9.4 Chromosomal and Chromosomes aberrations in man, methodology. (a) Numerical and structural aberrations (disorders). (b) Autosomal aberrations – Down syndrome, Patau, Edward and Cri-duchat syndromes (c) Sex chromosomal aberrations – Klinefelter (XXY), Turner (XO), Super female (XXX), intersex and other syndromic disorders.. (d) Genetic imprints in human disease, genetic screening, genetic counseling, human DNA profiling, gene mapping and genome study.
9.5 Race and racism, biological basis of morphological variation of metric and non-metric characters. Racial criteria, racial traits in relation to heredity and environment; biological basis of racial classification, race crossing and racial differentiation in man.
9.6 Age, sex and population variation as genetic marker- Rh blood groups, ABO, HLA Hp, transferring, Gm, blood enzymes. Physiological characteristics Hb level, pulse rate, body fat, respiratory functions and sensory perceptions in different socio-economic and cultural groups.
9.7 Concepts and methods of Ecological Anthropology. Bio-cultural Adaptations – Non Genetic and genetic factors. Man’s physiological responses to environmental stresses: hot desert, high ,cold, altitude climate.
9.8 Epidemiological Anthropology: Health and disease. Nutritional deficiency related diseases, Infectious and non-infectious diseases.
- Concept of human growth and development: all stages of growth – pre-natal and natal, infant, childhood, adolescence, senescence, maturity. – Factors affecting growth and development genetic, biochemical, environmental, nutritional, cultural and socio-economic. – Ageing and senescence. Theories and observations – Human physique and somatotypes, biological and chronological longevity.. Methodologies for growth studies.
11.1 Relevance of menopause, menarche and other bio events to fertility. Fertility patterns and concept of differentials.
11.2 Demographic theories– related to biological, cultural and social .
11.3 Biological and socio-ecological factors influencing fertility, fecundity, natality and mortality.
- Applications of Anthropology: Nutritional anthropology, Anthropology of sports, Anthropology in designing of defence and other equipments, Forensic Anthropology, Principles and Methods of personal identification and reconstruction, Applied human genetics – Paternity diagnosis, genetic counseling and eugenics, , serogenetics and cytogenetics in reproductive biology,DNA technology in diseases and medicine.
Anthropology: Syllabus for IAS Main Examination
PAPER – II
1.1 Evolution of the Indian Culture and Civilization – Prehistoric (Mesolithic, Palaeolithic, Neolithic and Neolithic – Chalcolithic). Protohistoric (Indus Civilization): Harappan, Pre and Post Harappan cultures. Contributions of tribal community cultures to Indian civilization.
1.2 Palaeo – anthropological evidences from India with special reference to Narmada and Siwaliks basin (Sivapithecus, Ramapithecus and Narmada Man).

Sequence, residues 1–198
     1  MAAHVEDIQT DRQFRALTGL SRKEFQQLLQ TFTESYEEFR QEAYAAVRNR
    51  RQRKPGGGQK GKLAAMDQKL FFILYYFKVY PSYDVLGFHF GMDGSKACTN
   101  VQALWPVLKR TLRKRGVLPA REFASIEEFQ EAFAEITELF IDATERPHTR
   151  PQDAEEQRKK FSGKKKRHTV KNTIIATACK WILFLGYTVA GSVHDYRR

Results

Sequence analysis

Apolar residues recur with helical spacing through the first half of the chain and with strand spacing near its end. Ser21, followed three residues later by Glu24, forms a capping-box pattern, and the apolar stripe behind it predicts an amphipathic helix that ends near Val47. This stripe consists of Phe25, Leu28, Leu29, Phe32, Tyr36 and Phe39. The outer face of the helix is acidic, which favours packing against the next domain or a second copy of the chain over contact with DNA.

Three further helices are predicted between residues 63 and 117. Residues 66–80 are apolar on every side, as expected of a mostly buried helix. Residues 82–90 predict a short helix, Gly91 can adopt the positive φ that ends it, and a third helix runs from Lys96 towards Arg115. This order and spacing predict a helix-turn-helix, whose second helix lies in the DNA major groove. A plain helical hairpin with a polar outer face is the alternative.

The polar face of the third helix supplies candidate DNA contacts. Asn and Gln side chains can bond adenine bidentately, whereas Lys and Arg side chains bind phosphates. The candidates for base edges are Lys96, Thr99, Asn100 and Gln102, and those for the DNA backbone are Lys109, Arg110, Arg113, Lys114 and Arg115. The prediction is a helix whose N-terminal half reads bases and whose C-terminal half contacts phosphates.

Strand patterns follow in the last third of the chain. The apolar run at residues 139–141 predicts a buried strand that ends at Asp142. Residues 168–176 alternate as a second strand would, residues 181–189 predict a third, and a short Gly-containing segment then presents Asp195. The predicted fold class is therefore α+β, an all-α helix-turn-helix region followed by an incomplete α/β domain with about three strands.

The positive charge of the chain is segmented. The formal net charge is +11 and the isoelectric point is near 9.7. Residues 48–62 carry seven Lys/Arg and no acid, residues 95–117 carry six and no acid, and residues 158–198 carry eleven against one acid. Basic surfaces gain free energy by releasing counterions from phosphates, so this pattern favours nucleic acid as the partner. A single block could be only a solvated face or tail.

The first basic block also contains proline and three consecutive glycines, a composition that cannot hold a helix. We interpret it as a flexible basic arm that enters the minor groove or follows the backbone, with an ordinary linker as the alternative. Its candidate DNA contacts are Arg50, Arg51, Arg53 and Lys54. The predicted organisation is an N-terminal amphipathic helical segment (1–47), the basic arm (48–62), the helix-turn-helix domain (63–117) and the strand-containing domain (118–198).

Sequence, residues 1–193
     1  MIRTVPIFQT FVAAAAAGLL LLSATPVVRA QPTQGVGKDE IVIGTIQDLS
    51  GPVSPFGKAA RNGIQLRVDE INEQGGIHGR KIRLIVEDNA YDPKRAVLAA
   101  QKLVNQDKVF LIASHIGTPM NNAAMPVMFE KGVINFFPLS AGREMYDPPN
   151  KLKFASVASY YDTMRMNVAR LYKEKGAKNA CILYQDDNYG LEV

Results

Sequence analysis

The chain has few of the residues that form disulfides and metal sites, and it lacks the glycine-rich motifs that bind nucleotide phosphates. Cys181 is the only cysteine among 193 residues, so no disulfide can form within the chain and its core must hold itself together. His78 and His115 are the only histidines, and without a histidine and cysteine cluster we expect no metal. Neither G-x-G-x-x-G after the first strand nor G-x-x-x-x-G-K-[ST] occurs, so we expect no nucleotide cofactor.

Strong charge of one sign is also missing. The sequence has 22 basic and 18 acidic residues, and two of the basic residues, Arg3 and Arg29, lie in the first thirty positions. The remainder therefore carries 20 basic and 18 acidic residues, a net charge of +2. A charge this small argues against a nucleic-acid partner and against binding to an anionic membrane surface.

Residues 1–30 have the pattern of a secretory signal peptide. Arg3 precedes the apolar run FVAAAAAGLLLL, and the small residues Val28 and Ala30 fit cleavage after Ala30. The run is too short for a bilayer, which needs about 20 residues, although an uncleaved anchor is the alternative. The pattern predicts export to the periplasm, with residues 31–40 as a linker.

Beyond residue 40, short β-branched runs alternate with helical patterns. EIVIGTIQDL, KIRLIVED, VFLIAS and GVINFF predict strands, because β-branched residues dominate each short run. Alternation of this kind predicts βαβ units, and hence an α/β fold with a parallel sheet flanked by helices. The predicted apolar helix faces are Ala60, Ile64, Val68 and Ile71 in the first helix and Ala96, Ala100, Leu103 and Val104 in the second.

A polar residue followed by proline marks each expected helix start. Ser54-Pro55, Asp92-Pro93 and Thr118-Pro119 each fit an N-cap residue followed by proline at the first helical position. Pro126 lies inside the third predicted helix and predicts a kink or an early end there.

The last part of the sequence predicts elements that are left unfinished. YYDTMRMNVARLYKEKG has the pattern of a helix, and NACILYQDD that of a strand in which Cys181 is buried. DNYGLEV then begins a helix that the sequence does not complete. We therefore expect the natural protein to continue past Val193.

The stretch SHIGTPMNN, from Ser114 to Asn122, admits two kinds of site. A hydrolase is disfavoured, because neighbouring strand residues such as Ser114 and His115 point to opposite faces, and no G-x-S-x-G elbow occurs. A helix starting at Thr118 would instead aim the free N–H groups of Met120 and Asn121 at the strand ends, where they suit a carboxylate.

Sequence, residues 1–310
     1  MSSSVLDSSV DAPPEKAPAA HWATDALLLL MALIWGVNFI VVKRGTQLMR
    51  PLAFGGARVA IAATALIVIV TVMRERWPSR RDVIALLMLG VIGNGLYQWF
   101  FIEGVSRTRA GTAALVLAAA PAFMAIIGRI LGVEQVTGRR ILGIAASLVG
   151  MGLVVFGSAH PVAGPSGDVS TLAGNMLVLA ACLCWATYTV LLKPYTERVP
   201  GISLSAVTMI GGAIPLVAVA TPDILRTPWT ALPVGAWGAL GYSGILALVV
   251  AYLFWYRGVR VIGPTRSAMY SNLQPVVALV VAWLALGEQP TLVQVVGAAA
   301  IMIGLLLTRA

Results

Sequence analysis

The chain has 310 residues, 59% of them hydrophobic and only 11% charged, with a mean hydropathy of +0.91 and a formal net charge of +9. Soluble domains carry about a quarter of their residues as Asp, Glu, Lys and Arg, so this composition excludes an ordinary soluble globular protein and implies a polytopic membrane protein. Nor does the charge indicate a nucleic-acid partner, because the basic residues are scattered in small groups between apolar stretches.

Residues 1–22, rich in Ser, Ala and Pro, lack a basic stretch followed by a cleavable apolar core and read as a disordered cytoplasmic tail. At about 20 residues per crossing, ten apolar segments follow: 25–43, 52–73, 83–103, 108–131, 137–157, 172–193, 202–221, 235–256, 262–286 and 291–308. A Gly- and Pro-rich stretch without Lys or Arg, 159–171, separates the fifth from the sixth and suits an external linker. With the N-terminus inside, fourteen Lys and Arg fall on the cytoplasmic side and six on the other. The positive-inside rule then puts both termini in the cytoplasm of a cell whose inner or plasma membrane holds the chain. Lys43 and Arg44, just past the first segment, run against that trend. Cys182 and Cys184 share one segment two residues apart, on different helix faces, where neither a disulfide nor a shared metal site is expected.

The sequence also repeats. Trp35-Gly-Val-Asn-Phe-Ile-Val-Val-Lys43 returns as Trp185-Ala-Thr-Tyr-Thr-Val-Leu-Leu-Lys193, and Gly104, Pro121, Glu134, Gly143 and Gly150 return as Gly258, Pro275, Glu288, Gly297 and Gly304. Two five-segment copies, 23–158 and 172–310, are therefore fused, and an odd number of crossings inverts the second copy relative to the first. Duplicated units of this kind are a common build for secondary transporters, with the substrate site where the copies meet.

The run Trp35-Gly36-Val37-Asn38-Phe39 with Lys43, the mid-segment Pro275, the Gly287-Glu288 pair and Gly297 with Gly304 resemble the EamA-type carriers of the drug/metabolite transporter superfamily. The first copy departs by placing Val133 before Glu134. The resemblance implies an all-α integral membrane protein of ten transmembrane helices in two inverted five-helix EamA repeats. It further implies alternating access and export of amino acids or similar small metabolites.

1.3 Ethno-archaeology in India : The concept of ethno-archaeology; Survivals and Parallels among the hunting, fishing, foraging, pastoral and peasant communities and arts and crafts producing communities.
- Demographic profile of India – Linguistic and Ethnic elements in the Indian population and their distribution. Indian population – factors affecting its structure and growth.
3.1 Traditional Indian social system : Its structure and nature : Purushartha, Varnashram, Karma, Rina and Rebirth.
3.2 Caste system of India- structure and characteristics, Varna and caste, Theories of origin of caste system, , Caste mobility, Dominant caste, Future of caste system, Tribecaste continuum, Jajmani system,
3.3 Sacred Complex and Nature– ManSpirit Complex.
3.4 Impact of Jainism, Buddhism, Islam and Christianity on Indian society.
Emergence and growth of anthropology in India–
Study of Contributions of the 18th, 19th and early 20th Century scholars and administrators. Contributions of Indian anthropologists to caste and tribal studies.
5.1 Indian Village: Study and Significance of village study in India; Indian village as a social system; Inter-caste relations, Traditional and changing patterns of settlement; Agrarian relations in Indian villages; Impact of globalization on Indian villages.
5.2 Linguistic and religious minorities and their political, social and economic status.
5.3 Exogenous and Indigenous and processes of socio-cultural change in Indian society: Sanskritization, , Moderni-zation, Westernization; Inter-play of little and great traditions; Panchayati raj and social change; Media and social change.
6.1 Tribal situation in India and its Bio-genetic variability, linguistic and socio-economic characteristics of tribal populations and their distribution in India.
6.2 Problems of the tribal Communities – poverty, land alienation, indebtedness, low literacy, poor educational facilities, underemployment, unemployment, health and nutrition.
6.3 Developmental projects and their impact on tribal displacement .Problems of rehabilitation. . Impact of urbanization and industrialization on tribal populations.Development of forest policy and tribals
7.1 Problems of deprivation and exploitation of Scheduled Castes, Scheduled Tribes and Other Backward Classes. Constitutional agencies for safeguards of Scheduled Tribes and Scheduled Castes.
7.2 Social change and contemporary tribal societies: Impact of modern democratic institutions, welfare measures and development programmes on tribals and weaker sections.
7.3 The concept of ethnicity; Ethnic conflicts and political developments; Regionalism and demand for autonomy, Unrest among tribal communities; Pseudo-tribalism; Social change among the tribes during colonial and post-Independent India.
8.1 Impact of Buddhism, Hinduism, Christianity, Islam and other religions on tribal societies.
8.2 Concept of Tribe and nation state – a comparative study of tribal communities in India and and also with other countries.
9.1 History of administration of tribal areas, tribal policies, programmes, plans, of tribal development and their implementation. The concept of PTGs (Primitive Tribal Groups) and their distribution. Role of N.G.O.s in tribal development. Special programmes for their development.
9.2 Role of anthropology in rural and tribal development.
9.3 Contributions of anthropology
to the understanding of communalism, regionalism and ethnic and political movements.